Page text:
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Network Layer4-1 Link Layer: Introduction Some terminology: r hosts and routers are nodes (bridges and switches too) r communication channels that connect.

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Presentation on theme: "Network Layer4-1 Link Layer: Introduction Some terminology: r hosts and routers are nodes (bridges and switches too) r communication channels that connect."— Presentation transcript:

1 Network Layer4-1 Link Layer: Introduction Some terminology: r hosts and routers are nodes (bridges and switches too) r communication channels that connect adjacent nodes along communication path are links m wired links m wireless links m LANs r 2-PDU is a frame, encapsulates datagram “link” data-link layer has responsibility of transferring datagram from one node to adjacent node over a link

2 Network Layer4-2 Link layer: context r Datagram transferred by different link protocols over different links: m e.g., Ethernet on first link, frame relay on intermediate links, 802.11 on last link r Each link protocol provides different services m e.g., may or may not provide rdt over link transportation analogy r trip from Princeton to Lausanne m limo: Princeton to JFK m plane: JFK to Geneva m train: Geneva to Lausanne r tourist = datagram r transport segment = communication link r transportation mode = link layer protocol r travel agent = routing algorithm

3 Network Layer4-3 Link Layer Services r Framing, link access: m encapsulate datagram into frame, adding header, trailer m channel access if shared medium m ‘physical addresses’ used in frame headers to identify source, dest different from IP address! r Reliable delivery between adjacent nodes m we learned how to do this already m seldom used on low bit error link (fiber, some twisted pair) m wireless links: high error rates Q: why both link-level and end-end reliability?

4 Network Layer4-4 Link Layer Services (more) r Flow Control: m pacing between adjacent sending and receiving nodes r Error Detection: m errors caused by signal attenuation, noise. m receiver detects presence of errors: signals sender for retransmission or drops frame r Error Correction: m receiver identifies and corrects bit error(s) without resorting to retransmission r Half-duplex and full-duplex m with half duplex, nodes at both ends of link can transmit, but not at same time

5 Where is the link layer implemented? r in each and every host r link layer implemented in “adaptor” (aka network interface card NIC) or on a chip m Ethernet card, 802.11 card; Ethernet chipset m implements link, physical layer r attaches into host’s system buses r combination of hardware, software, firmware controller physical transmission cpu memory host bus (e.g., PCI) network adapter card application transport network link physical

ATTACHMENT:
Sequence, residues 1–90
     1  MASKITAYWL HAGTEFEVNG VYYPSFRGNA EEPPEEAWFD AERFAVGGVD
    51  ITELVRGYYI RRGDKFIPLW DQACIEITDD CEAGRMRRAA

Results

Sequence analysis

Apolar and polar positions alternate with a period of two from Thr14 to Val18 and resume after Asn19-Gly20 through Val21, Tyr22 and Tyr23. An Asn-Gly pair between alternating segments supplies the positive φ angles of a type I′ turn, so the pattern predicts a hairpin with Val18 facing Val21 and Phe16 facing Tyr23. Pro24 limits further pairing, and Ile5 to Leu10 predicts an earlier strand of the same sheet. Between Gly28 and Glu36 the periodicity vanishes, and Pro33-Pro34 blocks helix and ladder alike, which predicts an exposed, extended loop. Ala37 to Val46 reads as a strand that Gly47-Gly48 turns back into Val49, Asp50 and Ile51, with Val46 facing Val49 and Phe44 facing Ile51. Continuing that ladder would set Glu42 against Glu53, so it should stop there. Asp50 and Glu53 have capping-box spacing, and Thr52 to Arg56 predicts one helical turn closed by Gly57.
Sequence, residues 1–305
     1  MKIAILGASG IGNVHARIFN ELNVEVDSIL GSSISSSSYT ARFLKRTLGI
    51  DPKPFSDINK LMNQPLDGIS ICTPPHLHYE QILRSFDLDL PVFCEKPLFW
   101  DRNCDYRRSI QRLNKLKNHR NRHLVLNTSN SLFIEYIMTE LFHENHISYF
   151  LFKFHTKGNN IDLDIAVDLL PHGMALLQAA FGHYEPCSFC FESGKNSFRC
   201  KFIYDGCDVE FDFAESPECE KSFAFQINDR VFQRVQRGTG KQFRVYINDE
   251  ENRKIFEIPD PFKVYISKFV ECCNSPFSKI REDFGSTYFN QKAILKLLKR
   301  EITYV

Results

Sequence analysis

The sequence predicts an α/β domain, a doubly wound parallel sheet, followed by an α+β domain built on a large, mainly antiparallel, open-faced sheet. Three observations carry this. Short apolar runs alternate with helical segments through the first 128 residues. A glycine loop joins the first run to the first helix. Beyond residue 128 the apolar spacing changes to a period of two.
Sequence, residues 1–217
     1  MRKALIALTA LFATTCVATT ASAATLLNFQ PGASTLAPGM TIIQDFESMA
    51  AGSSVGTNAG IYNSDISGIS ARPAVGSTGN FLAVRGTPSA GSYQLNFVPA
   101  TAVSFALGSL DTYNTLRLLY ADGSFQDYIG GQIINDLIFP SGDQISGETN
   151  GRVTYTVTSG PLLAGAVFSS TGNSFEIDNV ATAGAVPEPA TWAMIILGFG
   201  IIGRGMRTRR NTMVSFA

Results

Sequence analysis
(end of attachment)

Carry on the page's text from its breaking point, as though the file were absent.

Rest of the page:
6 Network Layer4-6 Adaptors Communicating r link layer implemented in “adaptor” (aka NIC) m Network card r sending side: m encapsulates datagram in a frame m adds error checking bits, rdt, flow control, etc. r receiving side m looks for errors, rdt, flow control, etc m extracts datagram, passes to rcving node sending node frame rcving node datagram frame adapter link layer protocol

7 Network Layer4-7 Error Detection EDC= Error Detection and Correction bits (redundancy) D = Data protected by error checking, may include header fields Error detection not 100% reliable! protocol may miss some errors, but rarely larger EDC field yields better detection and correction

8 Network Layer4-8 Multiple Access Links and Protocols Two types of “links”: r point-to-point m PPP for dial-up access m point-to-point link between Ethernet switch and host r broadcast (shared wire or medium) m traditional Ethernet m upstream HFC m 802.11 wireless LAN

9 Network Layer4-9 Multiple Access protocols r single shared broadcast channel r two or more simultaneous transmissions by nodes: interference m only one node can send successfully at a time multiple access protocol r distributed algorithm that determines how nodes share channel, i.e., determine when node can transmit r communication about channel sharing must use channel itself! r what to look for in multiple access protocols: